Most of the communities in the Chukchi Sea are on Russian ice land, but the dramatic photographs show how people live on it
In northern Siberia, ice coverage in the Chukchi Sea is usually more than 100 miles long. The journey from the landlocked coast to the isolated, mountainous communities of Ny-Ales and Irina Rodzianko, near the Arctic Circle, is a journey through snow and ice – but also over treacherous switchbacks on ice-encrusted cliffs.
Some buildings are barely a metre high – too tall for the risk of avalanches. On other islands, churches or preservatories tower over frost-covered peaks, reaching just above the height of a car. Ice roads travel across miles of tundra, wide as paved roads. Locals use cars only for short journeys of a few hundred yards. Some can only operate with ferries or a small boat.
The Chukchi Sea is also home to an estimated 15,000 indigenous people, indigenous Inuit from northern Canada and tiny communities of Turkomen, the Norwegian church cult.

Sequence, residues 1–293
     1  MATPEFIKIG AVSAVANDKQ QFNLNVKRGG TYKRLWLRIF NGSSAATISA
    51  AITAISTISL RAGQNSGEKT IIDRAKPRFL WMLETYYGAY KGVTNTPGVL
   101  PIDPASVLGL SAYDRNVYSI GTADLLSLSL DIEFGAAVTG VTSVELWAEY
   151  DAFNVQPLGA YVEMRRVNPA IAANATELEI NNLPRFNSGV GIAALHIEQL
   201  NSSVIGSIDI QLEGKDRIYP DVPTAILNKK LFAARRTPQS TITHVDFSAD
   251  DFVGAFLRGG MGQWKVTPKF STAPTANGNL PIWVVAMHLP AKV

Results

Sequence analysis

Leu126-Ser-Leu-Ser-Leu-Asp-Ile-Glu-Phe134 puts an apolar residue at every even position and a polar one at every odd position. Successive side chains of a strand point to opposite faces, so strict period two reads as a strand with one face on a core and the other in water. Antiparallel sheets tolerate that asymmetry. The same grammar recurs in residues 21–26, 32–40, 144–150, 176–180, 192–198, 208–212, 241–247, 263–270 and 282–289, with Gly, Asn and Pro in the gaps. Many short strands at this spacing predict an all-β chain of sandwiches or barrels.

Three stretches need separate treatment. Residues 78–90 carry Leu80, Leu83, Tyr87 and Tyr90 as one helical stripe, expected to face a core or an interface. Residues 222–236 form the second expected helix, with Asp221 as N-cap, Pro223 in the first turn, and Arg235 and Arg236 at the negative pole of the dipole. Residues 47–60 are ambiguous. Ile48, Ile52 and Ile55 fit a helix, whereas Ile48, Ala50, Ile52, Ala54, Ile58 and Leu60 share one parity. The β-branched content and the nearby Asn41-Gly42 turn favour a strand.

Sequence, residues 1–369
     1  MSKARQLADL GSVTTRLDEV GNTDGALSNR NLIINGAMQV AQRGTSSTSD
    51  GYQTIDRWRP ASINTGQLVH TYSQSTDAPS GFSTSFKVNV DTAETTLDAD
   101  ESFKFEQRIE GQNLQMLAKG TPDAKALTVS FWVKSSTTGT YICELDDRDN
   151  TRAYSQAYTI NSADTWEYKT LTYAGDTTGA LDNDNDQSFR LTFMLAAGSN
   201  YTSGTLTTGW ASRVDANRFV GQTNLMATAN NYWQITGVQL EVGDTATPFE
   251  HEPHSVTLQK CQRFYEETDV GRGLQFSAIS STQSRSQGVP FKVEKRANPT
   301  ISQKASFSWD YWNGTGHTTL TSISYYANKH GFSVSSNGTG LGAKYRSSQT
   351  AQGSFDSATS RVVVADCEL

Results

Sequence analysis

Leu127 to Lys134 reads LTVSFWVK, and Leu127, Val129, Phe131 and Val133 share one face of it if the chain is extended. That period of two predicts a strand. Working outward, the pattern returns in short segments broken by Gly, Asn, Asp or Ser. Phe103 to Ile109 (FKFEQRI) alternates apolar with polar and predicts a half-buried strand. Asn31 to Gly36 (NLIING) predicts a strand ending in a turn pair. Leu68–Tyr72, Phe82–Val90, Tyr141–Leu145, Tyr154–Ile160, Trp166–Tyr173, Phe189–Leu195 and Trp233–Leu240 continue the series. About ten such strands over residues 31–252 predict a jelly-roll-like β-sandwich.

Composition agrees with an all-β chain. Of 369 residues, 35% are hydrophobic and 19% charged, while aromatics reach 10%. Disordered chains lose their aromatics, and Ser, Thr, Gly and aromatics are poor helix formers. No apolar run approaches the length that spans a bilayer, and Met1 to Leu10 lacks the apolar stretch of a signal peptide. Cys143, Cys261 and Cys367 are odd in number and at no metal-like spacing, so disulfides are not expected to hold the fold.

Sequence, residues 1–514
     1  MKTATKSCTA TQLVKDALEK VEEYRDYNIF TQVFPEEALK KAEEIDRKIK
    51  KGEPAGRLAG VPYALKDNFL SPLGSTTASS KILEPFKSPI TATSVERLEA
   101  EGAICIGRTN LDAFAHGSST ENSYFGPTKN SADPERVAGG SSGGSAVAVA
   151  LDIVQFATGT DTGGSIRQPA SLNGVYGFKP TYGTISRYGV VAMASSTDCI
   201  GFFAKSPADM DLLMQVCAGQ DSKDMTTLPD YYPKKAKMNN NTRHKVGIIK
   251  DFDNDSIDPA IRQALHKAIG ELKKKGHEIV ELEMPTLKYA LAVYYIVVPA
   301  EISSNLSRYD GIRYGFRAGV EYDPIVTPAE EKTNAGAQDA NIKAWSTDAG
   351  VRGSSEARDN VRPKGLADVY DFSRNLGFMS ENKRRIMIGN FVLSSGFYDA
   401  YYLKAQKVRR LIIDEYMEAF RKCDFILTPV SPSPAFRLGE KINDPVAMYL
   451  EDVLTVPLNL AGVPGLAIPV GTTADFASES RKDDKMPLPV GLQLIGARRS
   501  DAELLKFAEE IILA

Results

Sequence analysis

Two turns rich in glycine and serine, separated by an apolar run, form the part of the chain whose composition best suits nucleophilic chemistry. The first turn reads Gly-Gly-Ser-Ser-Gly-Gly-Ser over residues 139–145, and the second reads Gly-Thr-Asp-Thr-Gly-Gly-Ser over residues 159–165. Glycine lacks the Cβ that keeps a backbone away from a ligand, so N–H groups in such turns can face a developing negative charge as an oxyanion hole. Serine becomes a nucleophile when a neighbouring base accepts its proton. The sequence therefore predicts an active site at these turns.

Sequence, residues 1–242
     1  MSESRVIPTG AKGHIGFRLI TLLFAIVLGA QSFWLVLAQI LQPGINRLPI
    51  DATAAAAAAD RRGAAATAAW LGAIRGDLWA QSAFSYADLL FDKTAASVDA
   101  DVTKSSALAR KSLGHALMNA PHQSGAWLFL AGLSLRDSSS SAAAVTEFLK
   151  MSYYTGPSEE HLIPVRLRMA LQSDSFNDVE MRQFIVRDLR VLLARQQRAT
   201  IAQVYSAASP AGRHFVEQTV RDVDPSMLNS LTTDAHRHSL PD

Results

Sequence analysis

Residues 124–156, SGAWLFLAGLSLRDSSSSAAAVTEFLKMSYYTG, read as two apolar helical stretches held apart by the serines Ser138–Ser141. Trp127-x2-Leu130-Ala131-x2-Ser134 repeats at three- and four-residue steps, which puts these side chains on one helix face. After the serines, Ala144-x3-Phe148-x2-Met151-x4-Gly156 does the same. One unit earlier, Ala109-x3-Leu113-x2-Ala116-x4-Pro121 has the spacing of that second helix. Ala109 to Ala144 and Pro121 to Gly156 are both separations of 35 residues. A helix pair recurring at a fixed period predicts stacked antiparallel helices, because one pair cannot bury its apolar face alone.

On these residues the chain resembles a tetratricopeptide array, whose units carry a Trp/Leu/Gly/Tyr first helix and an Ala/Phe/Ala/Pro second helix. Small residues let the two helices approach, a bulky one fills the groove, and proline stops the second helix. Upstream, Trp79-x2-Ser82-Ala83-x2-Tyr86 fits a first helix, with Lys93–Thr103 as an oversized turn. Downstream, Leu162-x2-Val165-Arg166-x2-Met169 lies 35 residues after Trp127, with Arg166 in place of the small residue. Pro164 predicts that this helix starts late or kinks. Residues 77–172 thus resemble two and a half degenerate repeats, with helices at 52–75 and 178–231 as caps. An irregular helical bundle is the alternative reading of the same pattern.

The wild places the locals inhabit today are a far cry from the farming community that lived there 20-odd years ago. Many homes are made out of logs or cedar poles. Locals rely on subsistence hunting and fishing, and their traditions and customs run deep. There is no electricity or running water – the tradition of housekeeping appears to have vanished in the wilderness. Meat comes from frozen turkeys or herring caught off the coast, with the occasional fish caught in the Bering Sea in winter.
The fragility of the environment means that the future of the communities is dependent on the survival of the sea ice – although neither Russia nor the United States have plans to develop oil and gas there, despite pressure from the rich energy corporations operating in the region.
Photographs: Red Bull